Likewise, half of the population receive its wages in cash and overall, almost 40% of all wages are withdrawn right away. Far from what can be observed in the West: only 10% of the wages are received in cash, and between 4% and 7% of all wages are withdrawn right away.
With so much cash circulating, issues of safety inevitably arise, and without a bank account it becomes harder to invest or save for retirement. Something even more problematic in countries known for the fluctuations of their respective currencies.
The situation is starting to change, with financial technology companies offering new and cheaper alternatives to traditional banking. All over Latin America, Fintech emerged as way for people to easily access and use their wages and savings. An example would be the numerous mobile money services, which enable the ‘unbanked’ population to make and receive payments through their mobile phones. Today, mobile money services are available in almost every Latin American country, and with an average of 47.4% the region is home to the world’s highest active customer rate (defined as the number of accounts that were used to conduct at least one transaction over the past 90 days). Yet, the total share of adults with a mobile money account is less than 3% in the Latin America & Caribbean region.
Companies like Mimoni, the largest online short-term consumer lender for the unbanked population in Latin America,proved themselves able to disrupt a multi-billion dollar market, and other innovative services are growing at a rapid pace. For the second year in a row, mobile money based remittances are growing by more than 50% in the region and the number of adults receiving governments transfers through a phone is 3 to 5 times higher than in Europe or in the United States (respectively).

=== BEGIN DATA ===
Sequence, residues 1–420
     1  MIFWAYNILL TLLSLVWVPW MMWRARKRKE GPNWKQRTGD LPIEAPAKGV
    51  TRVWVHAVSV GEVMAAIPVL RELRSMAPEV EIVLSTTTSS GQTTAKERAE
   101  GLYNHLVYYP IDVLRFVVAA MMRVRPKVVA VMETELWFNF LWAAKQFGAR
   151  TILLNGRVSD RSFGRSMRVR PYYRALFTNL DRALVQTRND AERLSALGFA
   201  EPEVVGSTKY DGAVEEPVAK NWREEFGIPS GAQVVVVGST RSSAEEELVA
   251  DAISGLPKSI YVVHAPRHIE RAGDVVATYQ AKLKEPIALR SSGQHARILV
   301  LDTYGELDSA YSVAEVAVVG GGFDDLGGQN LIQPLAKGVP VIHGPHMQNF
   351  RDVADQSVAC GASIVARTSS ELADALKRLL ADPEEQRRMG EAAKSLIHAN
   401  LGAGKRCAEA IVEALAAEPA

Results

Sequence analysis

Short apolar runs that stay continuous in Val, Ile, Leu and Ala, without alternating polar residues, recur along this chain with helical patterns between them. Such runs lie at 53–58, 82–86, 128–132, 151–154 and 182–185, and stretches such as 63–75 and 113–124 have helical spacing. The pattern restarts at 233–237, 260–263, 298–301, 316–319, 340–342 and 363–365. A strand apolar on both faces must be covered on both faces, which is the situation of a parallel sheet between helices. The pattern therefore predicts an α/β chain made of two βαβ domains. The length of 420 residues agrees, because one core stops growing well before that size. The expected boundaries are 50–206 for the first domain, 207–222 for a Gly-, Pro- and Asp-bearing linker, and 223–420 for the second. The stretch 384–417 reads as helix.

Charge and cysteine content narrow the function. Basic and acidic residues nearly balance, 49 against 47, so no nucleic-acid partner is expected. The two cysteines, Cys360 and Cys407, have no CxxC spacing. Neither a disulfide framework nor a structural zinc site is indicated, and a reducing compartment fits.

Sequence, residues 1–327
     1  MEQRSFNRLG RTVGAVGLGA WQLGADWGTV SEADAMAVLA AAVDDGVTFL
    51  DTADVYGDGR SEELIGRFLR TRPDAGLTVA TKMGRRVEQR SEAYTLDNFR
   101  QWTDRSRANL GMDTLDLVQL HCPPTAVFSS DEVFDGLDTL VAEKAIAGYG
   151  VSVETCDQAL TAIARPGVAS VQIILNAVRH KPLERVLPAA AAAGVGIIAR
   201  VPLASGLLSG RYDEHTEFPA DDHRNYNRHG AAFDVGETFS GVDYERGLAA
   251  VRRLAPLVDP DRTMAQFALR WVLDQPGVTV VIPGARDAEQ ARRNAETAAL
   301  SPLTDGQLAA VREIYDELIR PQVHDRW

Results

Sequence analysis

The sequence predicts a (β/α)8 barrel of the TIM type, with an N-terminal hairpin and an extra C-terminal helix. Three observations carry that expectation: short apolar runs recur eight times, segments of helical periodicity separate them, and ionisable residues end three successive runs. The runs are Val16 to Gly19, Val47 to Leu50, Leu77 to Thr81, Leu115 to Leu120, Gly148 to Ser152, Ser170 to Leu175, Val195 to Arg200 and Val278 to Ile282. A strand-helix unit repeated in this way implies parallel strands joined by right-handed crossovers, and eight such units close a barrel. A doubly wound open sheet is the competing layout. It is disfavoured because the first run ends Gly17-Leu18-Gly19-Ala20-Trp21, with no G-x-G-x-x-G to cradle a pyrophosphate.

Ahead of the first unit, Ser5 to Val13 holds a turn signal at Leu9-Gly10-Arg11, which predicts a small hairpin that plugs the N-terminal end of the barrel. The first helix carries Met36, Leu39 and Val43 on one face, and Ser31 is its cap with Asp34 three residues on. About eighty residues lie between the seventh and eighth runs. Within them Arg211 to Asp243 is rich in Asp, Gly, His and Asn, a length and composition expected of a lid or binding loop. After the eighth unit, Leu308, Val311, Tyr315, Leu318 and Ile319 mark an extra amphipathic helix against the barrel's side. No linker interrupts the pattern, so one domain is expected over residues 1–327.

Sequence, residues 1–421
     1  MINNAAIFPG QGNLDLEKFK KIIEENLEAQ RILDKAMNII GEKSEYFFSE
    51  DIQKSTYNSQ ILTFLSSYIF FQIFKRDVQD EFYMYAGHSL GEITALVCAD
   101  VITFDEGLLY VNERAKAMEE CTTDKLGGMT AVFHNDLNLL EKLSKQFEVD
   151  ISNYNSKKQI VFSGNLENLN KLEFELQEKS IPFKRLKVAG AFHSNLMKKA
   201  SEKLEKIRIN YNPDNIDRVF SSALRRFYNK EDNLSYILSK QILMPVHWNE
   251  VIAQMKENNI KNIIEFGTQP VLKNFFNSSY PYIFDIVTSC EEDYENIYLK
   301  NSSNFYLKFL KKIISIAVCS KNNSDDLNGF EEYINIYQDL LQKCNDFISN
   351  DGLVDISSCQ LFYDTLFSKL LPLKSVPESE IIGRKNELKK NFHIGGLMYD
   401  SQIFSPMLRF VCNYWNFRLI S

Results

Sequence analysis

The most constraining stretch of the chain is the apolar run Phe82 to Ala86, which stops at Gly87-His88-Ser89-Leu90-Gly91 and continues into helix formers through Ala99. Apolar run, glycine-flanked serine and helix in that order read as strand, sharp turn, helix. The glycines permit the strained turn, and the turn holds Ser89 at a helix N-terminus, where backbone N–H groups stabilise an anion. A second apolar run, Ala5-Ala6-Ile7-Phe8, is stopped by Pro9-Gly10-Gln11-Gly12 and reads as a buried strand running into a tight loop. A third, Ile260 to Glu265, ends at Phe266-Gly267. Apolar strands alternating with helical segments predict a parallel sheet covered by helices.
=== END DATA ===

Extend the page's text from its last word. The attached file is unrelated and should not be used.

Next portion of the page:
Like in the rest of the world, financial technologies were originally developed by startups in Latin America. However, traditional banks are now using Fintech to reduce their costs and reach out to untapped markets. Rather than a risk, some see an opportunity in the rise of the sector. For example, Richard Eldridge - CEO and co-founder of Fintech company Lenddo – observes that “some of the biggest banks are being the most innovative [and] are going to compete with the disruptors”. Adding that ultimately, “the consumer will win”.
Beyond the way Fintech disrupts existing models in Latin America, it is also becoming a way to achieve financial inclusion in the region. Mobile money services, credit ratings based on alternative data, new ways of financing SMEs, personal lending…if different in nature, innovative financial technology services are ways to bypass regional issues, and ultimately grant people and businesses an access to appropriate financial products and services.
At Crowd Valley, we are already actively working in the region and look forward to partnering with both established organizations and new innovators to provide more services and value to the end users as the financial services market continues its modernization in Latin America.
1. Mobile Financial Services in Latin America - GSMA 2015
2. State Of The Industry Report - GSMA 2015
3. How Fintech is Boosting Financial Inclusion in Latin America (http://www.fintech.finance/news/how-fintech-is-boosting-financial-inclusion-in-latin-america/)
4. Fintech Lagging in Latin America Because of Regulation (http://www.theepochtimes.com/n3/2094318-fintech-lagging-in-latin-america-because-of-regulation/)
Born and raised in France, Enzo began working within Fintech in 2014, covering the regulatory changes than enabled the creation of French equity crowdfunding platforms for Lyon Place Financière, an association that regroups all actors of Auvergne-Rhône-Alpes’ financial place. There, he also worked on an exhaustive analysis of the regional stock market among other duties. Enzo has lived and studied in different countries, including the United States (Philadelphia & Monroe,MI) and France (Paris & Lyon).